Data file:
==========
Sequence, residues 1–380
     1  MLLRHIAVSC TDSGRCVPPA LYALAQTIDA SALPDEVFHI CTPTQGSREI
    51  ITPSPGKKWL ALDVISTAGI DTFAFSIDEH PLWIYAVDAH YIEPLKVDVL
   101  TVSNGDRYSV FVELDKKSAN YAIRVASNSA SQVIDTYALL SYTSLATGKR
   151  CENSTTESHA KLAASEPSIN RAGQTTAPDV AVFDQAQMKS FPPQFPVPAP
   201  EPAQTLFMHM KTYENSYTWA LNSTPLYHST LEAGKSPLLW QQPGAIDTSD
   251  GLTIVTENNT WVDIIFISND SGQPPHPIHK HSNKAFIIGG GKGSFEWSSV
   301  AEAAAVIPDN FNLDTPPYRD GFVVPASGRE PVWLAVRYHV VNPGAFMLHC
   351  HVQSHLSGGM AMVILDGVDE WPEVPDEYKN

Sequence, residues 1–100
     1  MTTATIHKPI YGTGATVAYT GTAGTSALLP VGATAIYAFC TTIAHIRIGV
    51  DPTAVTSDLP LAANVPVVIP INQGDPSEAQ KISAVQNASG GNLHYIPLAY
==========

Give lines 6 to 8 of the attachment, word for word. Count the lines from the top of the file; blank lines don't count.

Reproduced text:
   201  EPAQTLFMHM KTYENSYTWA LNSTPLYHST LEAGKSPLLW QQPGAIDTSD
   251  GLTIVTENNT WVDIIFISND SGQPPHPIHK HSNKAFIIGG GKGSFEWSSV
   301  AEAAAVIPDN FNLDTPPYRD GFVVPASGRE PVWLAVRYHV VNPGAFMLHC